I Can’t Come To The Phone Right Now; My OCD Won’t Let Me

If one thing is needed to support people with obsessive compulsive disorder, it’s for the abandonment of selfishness

For so many, this time of year means wonderful celebrations with Diwali, Halloween, Christmas and so on. It can be a beautiful time of year. The leaves are golden and beginning to fall from the trees. Poems have actually been written about the autumn and winter. Yet, certain times of years can trigger episodes of mental ill health. For myself, every autumn means major anxiety and bouts of obsessive compulsive disorder (OCD).

OCD is a condition that’s not really understood, but more than that, it’s a condition people just don’t have the patience for. OCD involves many routines or rituals that a person must do to try to ease anxiety (they really can consist of anything), but when in public, completing these tasks may not be possible or, if they are, they may be treated with impatience and scorn.

It’s often said that OCD isn’t about washing your hands constantly but that’s not entirely true. Great numbers of people won’t experience the compulsion to do this, but thorough hygiene practices are actually often compulsive for those who experience other health conditions and/or experience anxiety around their health. This time of year is rife with germs, the beginning of the winter sickness bug and fluctuating temperatures which means catching viruses is hard to avoid. When you have OCD with a health anxiety, washing hands can be something that is done fifty times a day. It can involve carrying sanitiser, always wearing gloves outside but also needing to moisturise your hands every couple of hours – and still that’s not enough to stop the inevitable cuts and bleeding from dry skin. For some, this seems “manic” (a term I recently heard), but to the person living with OCD it is compulsive. It has to be done, otherwise what will follow will be the worst illness ever experienced. It doesn’t make sense to others but that’s the point of mental health conditions. They can only be completely understood by the person living through it.

There can be many other manifestations. For instance, resisting the compulsion to message everyone constantly because anxiety has spiked and it’s now a time where for some reason there’s the belief that everyone hates you. It’s not being able to answer the phone because you’re convinced it will be someone with terrible news. It is having a panic attack because someone is ten minutes late for a meeting and instead of thinking they’ve gotten lost, they must be dead. It’s having to log off from social media just because people are talking about whether to wash a chicken and it’s sending compulsive tendencies through the roof. It’s the everyday terror that nudes will be leaked, regardless of whether any even exist. It is believing that you’re dragging people down, making life worse for them and that you’re distracting them or ruining wonderful opportunities for them. It’s having rituals that do not make sense to anyone else at all. These rituals can feel so shameful, many people with OCD might never be able to tell anyone about them, in case they’re thought of as “crazy” because the stigma is still so high.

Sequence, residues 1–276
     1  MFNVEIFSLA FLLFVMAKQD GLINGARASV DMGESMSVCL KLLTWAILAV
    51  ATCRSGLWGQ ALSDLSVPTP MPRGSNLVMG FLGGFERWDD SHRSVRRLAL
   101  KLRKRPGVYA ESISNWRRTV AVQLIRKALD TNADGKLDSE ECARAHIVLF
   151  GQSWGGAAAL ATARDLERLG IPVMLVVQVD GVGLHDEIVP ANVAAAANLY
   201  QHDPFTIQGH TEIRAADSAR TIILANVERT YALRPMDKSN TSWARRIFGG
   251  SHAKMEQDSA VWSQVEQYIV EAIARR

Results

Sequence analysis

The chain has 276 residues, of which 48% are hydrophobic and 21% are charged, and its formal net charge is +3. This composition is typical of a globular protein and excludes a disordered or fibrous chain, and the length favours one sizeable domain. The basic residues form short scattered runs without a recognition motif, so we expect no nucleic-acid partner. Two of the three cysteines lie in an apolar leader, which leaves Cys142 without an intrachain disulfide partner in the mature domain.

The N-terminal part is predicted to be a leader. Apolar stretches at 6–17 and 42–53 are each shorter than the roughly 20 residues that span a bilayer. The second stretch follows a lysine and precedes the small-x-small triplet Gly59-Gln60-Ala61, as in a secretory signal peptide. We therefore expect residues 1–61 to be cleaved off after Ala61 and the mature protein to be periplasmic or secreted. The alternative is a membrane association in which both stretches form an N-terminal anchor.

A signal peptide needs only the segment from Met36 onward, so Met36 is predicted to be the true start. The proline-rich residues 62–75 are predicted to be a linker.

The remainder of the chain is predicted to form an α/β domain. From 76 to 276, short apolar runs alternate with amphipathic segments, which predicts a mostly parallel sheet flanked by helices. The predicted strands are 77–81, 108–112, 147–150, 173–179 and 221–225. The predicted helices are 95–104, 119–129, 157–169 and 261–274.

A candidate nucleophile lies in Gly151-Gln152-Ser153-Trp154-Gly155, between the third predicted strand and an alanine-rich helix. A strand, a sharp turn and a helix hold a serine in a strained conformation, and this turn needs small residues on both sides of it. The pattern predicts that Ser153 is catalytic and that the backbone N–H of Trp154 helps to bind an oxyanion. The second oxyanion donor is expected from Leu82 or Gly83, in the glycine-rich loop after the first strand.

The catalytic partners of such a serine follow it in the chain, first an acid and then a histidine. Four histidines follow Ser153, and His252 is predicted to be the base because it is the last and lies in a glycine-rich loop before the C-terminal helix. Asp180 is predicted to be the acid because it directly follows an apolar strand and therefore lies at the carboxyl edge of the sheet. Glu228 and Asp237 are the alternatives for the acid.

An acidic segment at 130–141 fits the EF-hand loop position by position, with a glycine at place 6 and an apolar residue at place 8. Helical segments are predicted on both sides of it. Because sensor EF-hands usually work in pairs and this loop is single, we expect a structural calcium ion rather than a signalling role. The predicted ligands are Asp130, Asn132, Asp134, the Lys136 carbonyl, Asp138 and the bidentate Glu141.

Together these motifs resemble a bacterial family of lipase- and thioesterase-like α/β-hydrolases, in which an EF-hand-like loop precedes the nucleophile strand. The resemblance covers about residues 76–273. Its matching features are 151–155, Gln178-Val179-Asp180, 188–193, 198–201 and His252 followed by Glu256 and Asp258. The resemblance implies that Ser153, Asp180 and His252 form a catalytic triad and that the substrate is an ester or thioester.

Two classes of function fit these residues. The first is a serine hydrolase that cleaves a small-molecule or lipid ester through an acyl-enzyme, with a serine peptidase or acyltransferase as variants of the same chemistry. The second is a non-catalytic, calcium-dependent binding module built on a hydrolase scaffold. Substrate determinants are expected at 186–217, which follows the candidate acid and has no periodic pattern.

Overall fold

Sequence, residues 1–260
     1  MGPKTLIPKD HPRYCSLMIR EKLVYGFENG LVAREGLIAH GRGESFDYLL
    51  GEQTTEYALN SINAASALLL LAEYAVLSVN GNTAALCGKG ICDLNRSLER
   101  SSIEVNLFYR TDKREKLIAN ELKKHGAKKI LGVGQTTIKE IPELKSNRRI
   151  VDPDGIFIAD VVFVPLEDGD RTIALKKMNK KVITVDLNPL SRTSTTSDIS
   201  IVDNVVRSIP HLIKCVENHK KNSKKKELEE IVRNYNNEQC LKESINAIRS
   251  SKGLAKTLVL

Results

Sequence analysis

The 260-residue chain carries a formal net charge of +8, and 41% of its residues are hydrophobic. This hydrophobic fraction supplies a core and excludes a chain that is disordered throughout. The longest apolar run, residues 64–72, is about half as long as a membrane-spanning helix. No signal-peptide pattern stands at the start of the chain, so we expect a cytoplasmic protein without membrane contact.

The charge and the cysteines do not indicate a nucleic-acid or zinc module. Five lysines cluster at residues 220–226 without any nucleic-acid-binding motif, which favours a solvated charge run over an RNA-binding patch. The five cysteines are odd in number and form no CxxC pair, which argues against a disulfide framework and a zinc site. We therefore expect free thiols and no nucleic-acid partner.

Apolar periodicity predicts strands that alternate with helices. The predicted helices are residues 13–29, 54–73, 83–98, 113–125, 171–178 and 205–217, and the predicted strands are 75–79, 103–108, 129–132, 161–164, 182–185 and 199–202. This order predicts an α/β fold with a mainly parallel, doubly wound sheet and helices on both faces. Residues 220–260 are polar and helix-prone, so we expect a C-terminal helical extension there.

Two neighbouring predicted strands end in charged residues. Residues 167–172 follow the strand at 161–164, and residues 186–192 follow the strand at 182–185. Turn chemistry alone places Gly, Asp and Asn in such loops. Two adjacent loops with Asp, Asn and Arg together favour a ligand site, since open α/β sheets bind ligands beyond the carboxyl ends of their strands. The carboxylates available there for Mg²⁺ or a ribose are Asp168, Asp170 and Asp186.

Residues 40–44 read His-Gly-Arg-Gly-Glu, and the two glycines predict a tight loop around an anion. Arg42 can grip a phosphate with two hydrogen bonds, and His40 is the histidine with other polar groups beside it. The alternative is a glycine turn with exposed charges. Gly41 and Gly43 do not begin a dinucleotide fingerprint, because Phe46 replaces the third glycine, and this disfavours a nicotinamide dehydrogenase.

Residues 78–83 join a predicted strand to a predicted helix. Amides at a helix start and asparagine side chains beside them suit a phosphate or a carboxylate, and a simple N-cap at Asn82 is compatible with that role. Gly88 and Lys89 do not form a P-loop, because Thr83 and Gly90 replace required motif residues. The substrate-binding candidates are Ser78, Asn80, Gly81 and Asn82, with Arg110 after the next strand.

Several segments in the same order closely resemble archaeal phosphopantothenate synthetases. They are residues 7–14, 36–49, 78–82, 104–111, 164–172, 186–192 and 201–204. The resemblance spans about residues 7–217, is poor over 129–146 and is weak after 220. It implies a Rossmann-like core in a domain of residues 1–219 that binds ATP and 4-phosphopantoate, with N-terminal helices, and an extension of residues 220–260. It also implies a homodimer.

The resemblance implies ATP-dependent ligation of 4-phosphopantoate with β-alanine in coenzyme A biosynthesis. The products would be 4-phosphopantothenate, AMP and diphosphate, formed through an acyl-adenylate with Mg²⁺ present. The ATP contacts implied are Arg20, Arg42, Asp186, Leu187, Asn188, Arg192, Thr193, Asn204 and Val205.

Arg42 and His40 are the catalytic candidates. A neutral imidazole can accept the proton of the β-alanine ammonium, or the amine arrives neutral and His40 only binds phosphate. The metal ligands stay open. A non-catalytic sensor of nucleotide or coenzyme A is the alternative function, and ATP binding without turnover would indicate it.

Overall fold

“These rituals can feel so shameful, many people with OCD might never be able to tell anyone about them”

Some days it’s wanting to cry and kick the bin half way across the room because there just doesn’t feel like a way that you can ever feel right again. That’s at the heart of OCD; you just feel wrong, and that now everyone can see it and these compulsive tendencies might be the only way to get redemption. It’s an ongoing battle, and for some, the time of year doesn’t make any difference but they might have different triggers instead.

To support those with OCD, there are several things friends and family can do. Try not to get annoyed if you see compulsive actions (like re-washing your dishes). It might feel rude, but it’s not meant to be. Compulsive tendencies are a sign of stress so either don’t comment, or talk gently through them. Reach out to people you think are acting distant. There’s a chance they might be going through a rough episode and are trying to figure out how to get through it. Support matters. And actually fucking do that because no matter how much we say “let’s make it easier to talk about mental health”, how many people really dedicate the time and energy to send a message and get into that conversation? Yeah, it might be uncomfortable and you might not know what to say but it’s about being there and smashing down any isolation.

Don’t recommend trips to the GP. It’s not as though mental health care is really valued in this country, and people with OCD don’t need lectures about looking after themselves. They can make an appointment when they want. However, we as a society need to stop centering ourselves so that we can truly be there for others and show solidarity. If compulsive tendencies make you uncomfortable, get the fuck over it. It’s a sign of a health condition. Does your impatience really matter more than someone trying to manage their mental health?

OCD doesn’t often make sense, and often not even to the person who has it. It can be managed, but it also should be something that relatives and friends don’t see as something irksome and tiring but as part of their loved one. By accepting it, managing it becomes so much easier but if someone with OCD is made to feel both at war with themselves and everyone around them, that just makes anxiety spiral, and the symptoms worsen. Tough love is bullshit. OCD can be managed, but it cannot be shouted away.

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